Women have defied odds over the past year, continually moving the needle one step closer to a more inclusive and unbiased community both in and out of the workplace. From the #MeToo movement and Times Up, to the 27 female CEOs included in the 2017 Fortune 500 list, it is safe to say “girl power” has come a long way since the Spice Girls.
The women of Vested are no exception when it comes to their passions, talent and forward thinking.
Co-founder and CEO Dan Simon frequently mentions the fact that when Vested was created, one of his co-founders, President Binna Kim, was pregnant. We were founded with work-life embedded into our fiber, that much is evident. But we also have impressive women at the top. For the women of Vested, female empowerment isn’t just talk. We have countless examples on whom we can model our own careers.
Like Binna, who was recognized as the public relations agency executive of the year by Business Intelligence Group in 2017. She just gave birth to her third child, frequently has her husband work out of our office, and can dance a mean salsa. She’s impressive and modest. She’s an inspiration for all employees of Vested – not just women.
Like Ishviene, who is as passionate about client service as she is community service. She’s actively involved in fundraising efforts for the school where her eldest son attends, and her younger son will attend. She’s a fierce advocate not just for the women of Vested, but for diversity of all kinds. She’s an inspiration.
Like Vested’s UK CEO Elspeth Rothwell. The former director of financial services at FTI Consulting Strategic Communications, Elspeth heads up a team of two — soon to be three! — equally impressive and wildly intelligent women. She too is a mother, and seamlessly balances growing the UK practice at breakneck speed and spending time with her family. She’s an inspiration.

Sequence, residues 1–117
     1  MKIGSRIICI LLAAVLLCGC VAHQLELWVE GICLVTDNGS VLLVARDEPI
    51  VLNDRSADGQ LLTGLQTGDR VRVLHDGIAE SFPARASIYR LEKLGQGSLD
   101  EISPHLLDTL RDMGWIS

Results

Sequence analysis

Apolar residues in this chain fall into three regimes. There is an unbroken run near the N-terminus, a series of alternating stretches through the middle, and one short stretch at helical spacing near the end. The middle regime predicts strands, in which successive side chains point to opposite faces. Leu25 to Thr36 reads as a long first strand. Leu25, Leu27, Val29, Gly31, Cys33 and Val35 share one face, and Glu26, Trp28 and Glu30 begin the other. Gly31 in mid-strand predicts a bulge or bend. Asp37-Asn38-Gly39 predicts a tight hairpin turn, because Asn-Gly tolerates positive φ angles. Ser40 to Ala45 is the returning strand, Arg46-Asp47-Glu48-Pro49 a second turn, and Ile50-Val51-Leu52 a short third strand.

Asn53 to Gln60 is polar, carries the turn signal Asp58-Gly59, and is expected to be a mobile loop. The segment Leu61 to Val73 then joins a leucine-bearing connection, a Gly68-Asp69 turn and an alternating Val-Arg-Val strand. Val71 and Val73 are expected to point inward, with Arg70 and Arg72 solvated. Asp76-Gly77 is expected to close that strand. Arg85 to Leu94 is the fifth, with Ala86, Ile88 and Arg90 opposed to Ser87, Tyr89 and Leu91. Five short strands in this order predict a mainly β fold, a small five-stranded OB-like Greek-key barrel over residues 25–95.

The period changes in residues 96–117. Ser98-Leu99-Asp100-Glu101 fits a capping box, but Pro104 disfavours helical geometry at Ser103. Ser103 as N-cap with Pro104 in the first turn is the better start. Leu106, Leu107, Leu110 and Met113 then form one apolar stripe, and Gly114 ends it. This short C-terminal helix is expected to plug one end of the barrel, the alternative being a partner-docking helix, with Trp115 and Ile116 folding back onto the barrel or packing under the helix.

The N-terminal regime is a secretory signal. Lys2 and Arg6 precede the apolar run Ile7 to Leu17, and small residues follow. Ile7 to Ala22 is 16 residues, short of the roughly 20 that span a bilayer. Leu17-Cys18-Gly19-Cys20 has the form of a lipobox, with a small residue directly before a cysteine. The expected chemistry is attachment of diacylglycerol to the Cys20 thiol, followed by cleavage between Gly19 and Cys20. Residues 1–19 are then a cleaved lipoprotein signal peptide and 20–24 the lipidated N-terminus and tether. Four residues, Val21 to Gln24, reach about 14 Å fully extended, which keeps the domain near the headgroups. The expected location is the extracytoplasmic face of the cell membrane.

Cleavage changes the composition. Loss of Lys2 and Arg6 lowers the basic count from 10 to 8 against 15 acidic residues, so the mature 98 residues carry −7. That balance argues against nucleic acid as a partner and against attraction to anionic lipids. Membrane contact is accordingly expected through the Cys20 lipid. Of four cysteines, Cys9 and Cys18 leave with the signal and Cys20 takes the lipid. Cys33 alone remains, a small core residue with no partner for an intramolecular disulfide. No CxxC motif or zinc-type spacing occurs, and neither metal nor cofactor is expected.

There are numerous other women of Vested worthy of recognition, award-winning women like Creative Director Ali Wells and SAM Courtney Chennells, who led one of Vested’s first award-winning projects; or like VP Jacqueline Gogel and SAE Maggie Monaghan who’ve garnered their own personal recognition and continue to inspire their peers. Female empowerment is not exclusive to the leadership ranks. It’s not lip service. It’s quality client service, and I’ve seen it first-hand at every level of the organization.
So what’s the secret to supporting women at work?
“Most simply, it’s about inclusion,” Kim said in an interview last year. “Hire women. Consult women when making decisions. Serve women as customers and partners. Look at your leadership team. Look at your customer base. See that they’re diversified and, if they aren’t, make real, structural changes.”
And we’re proud to have done just that. We’re not the only ones who’ve taken Kim’s sound advice to heart. It’s been an impressive year for women in communications more broadly.
Barri Rafferty was promoted to agency partner and president of Ketchum Inc. as of January 1, the first woman to lead a global PR firm; and Amendola Communications CEO Jodi Amendola was named as one of PR News’ top women in PR for 2017.
But we still have a long way to go. According to 2017’s Women in the Workplace report from McKinsey and LeanIn.org, not all companies look like Vested, with women as prominent at senior levels as they are at entry levels. I’m grateful to benefit from my fellow inspirational women of Vested, but am keeping my eyes peeled for ways to affect greater change, as well.
This International Women’s Day, join the men and women of Vested in honoring just how far women at work have come—and recognizing how much more needs to be done to support a female future in the workplace.